If you regularly tune in to Countdown with Keith Olbermann on MSNBC, you may remember that Olbermann was mysteriously absent from the show for three days at the end of April. But Olbermann didn't just "have the night off," as David Shuster, his fill-in, said on the air three evenings in a row. According to a source inside MSNBC, it was a bizarre temper tantrum on Olbermann's part that led him to storm off the set in protest. Even stranger: The drama was all Ben Affleck's fault.
Olbermann was not scheduled to take a vacation at the end of April. But he ended up missing three shows: Friday, April 17; Monday; April 20, and Tuesday, April 21. It's what happened on April 16, though, that prompted Olbermann to exit MSNBC's studios in such a rage.
According to a source at the network, Olbermann was livid when he learned that Rachel Maddow had booked Ben Affleck as a guest on her show. Olbermann, it turns out, had been interested in having Affleck on his show, too, and when he heard that Maddow's producers had secured the actor instead, he demanded that the interview be switched from Maddow's nine o'clock broadcast to his own an hour earlier. Maddow and her staff have been known to politely give in to Olbermann's whims in the past—it was Olbermann, after all, who helped bring Maddow to the network. This time, however, they didn't budge. (With ratings for Maddow's show a bit lackluster as of late, parting with an A-list celebrity guest isn't a decision to be made lightly.) Olbermann took the matter to senior management at MSNBC and NBC Universal and asked that they step in and "correct" the situation. That didn't happen, though, and Affleck went on Maddow's show as scheduled on Thursday, April 16. And Olbermann's three-day protest commenced the next day.
Olbermann's temper—and tendency to hold grudges—is nothing new. When Dan Abrams was the host of the 9pm broadcast, Olbermann famously refused to "toss," or introduce, Abrams on the air, as he now does with Maddow. At Olbermann's insistence, five seconds of footage of the exterior of 30 Rock appeared between the two programs instead. What did Abrams do to earn Olbermann's enmity? Nothing, really, although one popular rumor floating around MSNBC at the time was that they'd both asked out the same woman a number of years ago and she'd accepted Abrams's invite instead of Olbermann's.
But Olbermann's unpredictable behavior can even put the colleagues he doesn't have a grudge against in an uncomfortable position. On April 21—day three of the stand-off—David Shuster was asked on Twitter about Olbermann's absence. His reply speaks volumes. Shuster doesn't actually state that Olbermann has the flu. He merely points out it's "flu/allergy season," a nice little hedge in case the real story was ever revealed. He then awkwardly adds that "KO is a great guy. He will return soon, I hope," indicating that, at the time, no one really knew when Olbermann would return. (Not to mention that whether or not Olbermann is a "great guy" or not doesn't make much sense in the context of having the flu.)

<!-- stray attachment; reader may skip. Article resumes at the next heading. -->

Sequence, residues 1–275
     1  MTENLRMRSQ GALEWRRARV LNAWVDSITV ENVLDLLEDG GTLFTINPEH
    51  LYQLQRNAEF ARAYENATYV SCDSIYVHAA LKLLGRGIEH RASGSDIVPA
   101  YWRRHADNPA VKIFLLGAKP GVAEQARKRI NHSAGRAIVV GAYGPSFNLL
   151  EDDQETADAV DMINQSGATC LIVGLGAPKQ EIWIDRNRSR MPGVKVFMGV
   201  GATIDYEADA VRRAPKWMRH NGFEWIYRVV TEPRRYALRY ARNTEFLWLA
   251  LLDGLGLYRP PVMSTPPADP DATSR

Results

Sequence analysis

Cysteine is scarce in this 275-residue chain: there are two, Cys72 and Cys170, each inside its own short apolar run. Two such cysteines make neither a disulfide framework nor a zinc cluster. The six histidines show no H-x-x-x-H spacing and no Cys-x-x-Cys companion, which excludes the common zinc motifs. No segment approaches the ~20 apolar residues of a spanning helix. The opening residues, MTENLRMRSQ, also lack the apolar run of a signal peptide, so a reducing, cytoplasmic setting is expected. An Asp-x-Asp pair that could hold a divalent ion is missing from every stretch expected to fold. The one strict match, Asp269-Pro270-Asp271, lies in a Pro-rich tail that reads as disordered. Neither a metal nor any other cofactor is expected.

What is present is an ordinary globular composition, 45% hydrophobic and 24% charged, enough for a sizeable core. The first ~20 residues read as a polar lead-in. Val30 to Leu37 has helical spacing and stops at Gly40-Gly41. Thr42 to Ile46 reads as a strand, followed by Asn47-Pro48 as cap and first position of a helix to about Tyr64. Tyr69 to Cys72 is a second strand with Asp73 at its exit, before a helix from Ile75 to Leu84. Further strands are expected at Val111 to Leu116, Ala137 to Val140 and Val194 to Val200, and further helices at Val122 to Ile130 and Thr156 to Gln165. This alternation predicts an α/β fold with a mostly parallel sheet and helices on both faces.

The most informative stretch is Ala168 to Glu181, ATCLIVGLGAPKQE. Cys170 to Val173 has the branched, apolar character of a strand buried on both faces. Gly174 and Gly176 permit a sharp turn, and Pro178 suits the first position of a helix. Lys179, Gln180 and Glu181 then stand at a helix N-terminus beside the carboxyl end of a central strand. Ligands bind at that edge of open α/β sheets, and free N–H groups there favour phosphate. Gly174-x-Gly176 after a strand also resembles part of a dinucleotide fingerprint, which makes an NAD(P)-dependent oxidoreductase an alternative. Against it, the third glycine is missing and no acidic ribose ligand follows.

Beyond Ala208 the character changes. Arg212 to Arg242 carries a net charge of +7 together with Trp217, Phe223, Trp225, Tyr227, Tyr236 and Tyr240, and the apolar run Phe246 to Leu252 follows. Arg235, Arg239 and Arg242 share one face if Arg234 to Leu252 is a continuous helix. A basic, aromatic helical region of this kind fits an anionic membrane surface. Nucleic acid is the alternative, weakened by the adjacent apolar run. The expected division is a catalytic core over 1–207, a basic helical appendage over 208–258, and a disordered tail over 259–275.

The biggest question—and one no one can really answer except for Olbermann himself—is why having Ben Affleck on his show meant so much to him in the first place. The two have a past: Affleck spoofed the MSNBC host late last year, although Olbermann seemed to find the imitation flattering as you can see in this clip. It's much more likely that Affleck's role in this latest bit of drama didn't matter all that much, and this was just Olbermann attempting to once again force MSNBC to give in to his demands and satiate his ego. In which case, it was just another day at MSNBC.
We called MSNBC this morning for comment. Our call was not returned.
Update: Olbermann has issued an official statement on the matter: "That was my first opportunity to take even a long weekend to mourn my mother's death and deal with the many sad logistics subsequent to her sudden passing. The source of this story is a liar and those who spread it without seeking confirmation or reputation are beneath contempt."
Our Response: We were saddened to hear of Olbermann's loss and found his tribute to his mother deeply moving. But if that was the reason Olbermann took time off two weeks later, we can't imagine why Olbermann wouldn't have simply said as much. Furthermore, we find it hard to believe one of his colleagues at MSNBC—a respected journalist, no less—would have attributed his absence to the "flu/allergy season" if Olbermann had made the perfectly understandable decision take a few days to mourn his mother's passing.